Gatwick Airport deploys new ePassport gates for European travellers

The government has opened a set of updated ePassport gates at Gatwick Airport's South Terminal, after Heathrow Airport recently wrote off £5 million from the sale of its own gates to border control.

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The government has opened a set of updated ePassport gates at Gatwick Airport's South Terminal, after Heathrow Airport recently wrote off £5 million from the sale of its own gates to border control.

Immigration minister Mark Harper officially opened the "new generation" of ePassport gates at Gatwick, that allow all EU passengers - not just UK ones - with an electronic chip in their passport to pass "quickly and efficiently through immigration controls", said the government.

The government said over 10 million passengers have used ePassport gates across the UK in the past year, with numbers now operating at one million a month.

London Gatwick now has the largest single bank of ePassport gates at any point of entry in the UK.

Harper said: "We want to welcome legitimate visitors and trade which contributes to the UK economy.

"The e-Passport gates at London Gatwick Airport provide both a fast and convenient way for tourists, business visitors and Britons returning home to pass through the border securely.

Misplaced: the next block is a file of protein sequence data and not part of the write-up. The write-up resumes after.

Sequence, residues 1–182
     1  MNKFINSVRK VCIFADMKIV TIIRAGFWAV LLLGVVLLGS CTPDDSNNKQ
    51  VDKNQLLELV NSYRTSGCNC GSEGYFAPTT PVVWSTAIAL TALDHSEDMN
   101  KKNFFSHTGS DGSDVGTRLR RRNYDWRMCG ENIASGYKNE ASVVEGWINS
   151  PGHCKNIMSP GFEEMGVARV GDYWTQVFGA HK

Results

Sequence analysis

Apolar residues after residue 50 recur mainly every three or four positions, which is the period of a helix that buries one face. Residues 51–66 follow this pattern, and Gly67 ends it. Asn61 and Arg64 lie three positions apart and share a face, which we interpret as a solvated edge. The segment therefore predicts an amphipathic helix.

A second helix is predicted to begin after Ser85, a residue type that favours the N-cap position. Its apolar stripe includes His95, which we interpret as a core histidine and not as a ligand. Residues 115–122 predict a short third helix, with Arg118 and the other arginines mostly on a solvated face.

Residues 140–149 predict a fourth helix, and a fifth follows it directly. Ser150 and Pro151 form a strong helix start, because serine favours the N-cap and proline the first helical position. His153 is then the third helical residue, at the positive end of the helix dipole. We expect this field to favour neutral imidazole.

Gatwick Airport has invested "significantly towards the cost of the project", the government said.

Stewart Wingate, CEO of London Gatwick, said: "Gatwick is delighted to be the first airport in the UK to offer this innovative new technology. It will make the journey of arriving passengers with chipped passports much more efficient."

EPassport gates first went live in UK airports at Manchester Airport in 2008. The new Gatwick gates replace the first generation of gates which were opened at London Gatwick South in June 2011.

The gates can be used by anyone with a UK or European "chipped" passport who is aged 18 or over, and use facial recognition technology to compare the passenger’s face to the digital image recorded in their passport.

Their details are then automatically checked against Border Force systems and watchlists. Once the checks are made the gates open automatically to allow the passenger through the border.

The system is monitored by Border Force officers and anyone rejected by the gates will be sent to an alternative channel to have their passport checked.

On the situation at Heathrow, a government spokesman said at the time of the gate sale: "This brings Heathrow in line with the national border automation strategy and clarifies responsibility for the eGates”.

They added: “We will be increasing the ePassport gate capacity for EEA [European Economic Area] passengers in a phased approach and are in the process of developing automated border controls for non-EEA passengers.”

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